Amputations and Social Security Disability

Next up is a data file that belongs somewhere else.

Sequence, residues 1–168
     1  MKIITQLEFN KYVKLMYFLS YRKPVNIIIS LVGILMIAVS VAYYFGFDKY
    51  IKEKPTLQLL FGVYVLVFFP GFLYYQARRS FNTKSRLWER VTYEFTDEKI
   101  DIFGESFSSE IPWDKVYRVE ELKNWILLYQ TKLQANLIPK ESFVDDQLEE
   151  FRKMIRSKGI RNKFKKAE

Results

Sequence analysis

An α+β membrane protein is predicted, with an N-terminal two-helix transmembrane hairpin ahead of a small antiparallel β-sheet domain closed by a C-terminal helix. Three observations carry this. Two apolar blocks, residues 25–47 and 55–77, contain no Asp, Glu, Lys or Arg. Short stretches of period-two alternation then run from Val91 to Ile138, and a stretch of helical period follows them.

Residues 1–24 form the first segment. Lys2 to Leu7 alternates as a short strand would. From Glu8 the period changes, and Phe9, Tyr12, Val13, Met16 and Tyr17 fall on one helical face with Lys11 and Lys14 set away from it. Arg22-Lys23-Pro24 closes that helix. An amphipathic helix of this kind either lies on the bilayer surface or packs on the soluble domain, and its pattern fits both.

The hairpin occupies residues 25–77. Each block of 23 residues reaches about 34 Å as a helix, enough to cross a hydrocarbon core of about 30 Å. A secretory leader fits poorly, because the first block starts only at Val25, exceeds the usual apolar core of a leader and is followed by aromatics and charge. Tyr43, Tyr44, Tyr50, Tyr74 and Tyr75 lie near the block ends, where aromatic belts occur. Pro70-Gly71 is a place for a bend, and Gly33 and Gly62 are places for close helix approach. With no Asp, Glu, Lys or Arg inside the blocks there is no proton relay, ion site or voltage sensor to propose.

Amputation is defined as the loss of one of the body's extremities: the arms, legs, hands, or feet. Amputations are typically the result of medical operations, injuries, and other traumatic incidents. In medicine, amputations are performed when a limb has become useless or to prevent the spread of a disease to other body parts. Some conditions for which doctors perform amputations include frostbite, diabetes, gangrene, and Raynaud's disease. Amputations of the legs and feet typically affect a person's ability to walk, climb stairs, bend over, and move around in general. Amputations of the hands and arms make it difficult or impossible for a person to push, pull, and perform fine motor functions. The Social Security Administration (SSA) considers the complete severance of a hand, foot, arm, or leg an amputation for disability purposes. If an amputation renders you unable to work, you may be able to obtain Social Security disability benefits. However, just because you've had an amputation doesn't mean you automatically qualify for benefits. You must prove to the SSA that your condition makes you unable to perform various functions that are important in the workplace, such as bending, walking, lifting, pushing, pulling, and grasping. To meet the SSA's listing for amputations, you must have one of the following: Amputation of both hands; Amputation of one or both lower extremities at or above the ankle, with stump complications that make you unable to use a prosthetic device to walk; Amputation of one hand and one lower extremity at or above the ankle, with the inability to walk effectively; Hemipelvectomy or hip disarculation. According to the SSA, the inability to walk effectively is defined as needing both hands to use a walker, crutches, or canes to get around, or needing help to get to work or use public transportation. If a prosthetic device, such as an artificial leg, enables you to walk and perform daily activities, you would not qualify for disability benefits. Furthermore, if you have a prosthetic device and use one cane, you would not qualify for disability benefits because you only need to use one hand to walk. If you do not meet the SSA's amputation listing criteria, it doesn't necessarily mean that you wouldn't qualify for disability benefits. You might qualify for disability benefits if your amputation has reduced your functional capacity to the point that there are no longer any jobs you can perform, considering your age, educational background, and past work experience. In order to qualify you for disability benefits, your medical records must document how your amputation affects your ability to walk, bend, squat, and rise, as well as perform other daily tasks. Your doctor should also address whether your condition is likely to improve or stay the same. Furthermore, your medical records must demonstrate why you can't effectively use a prosthetic device. Win Your Amputation Disability Case with Our Help Even if you meet the SSA's amputation listing, it's still a good idea to have a Social Security disability attorney review your claim. To set up a free consultation with Atlanta Social Security disability attorney Louis B. Lusk, please call 800.883.7043 (or 404.250.7000) or fill out our online contact form.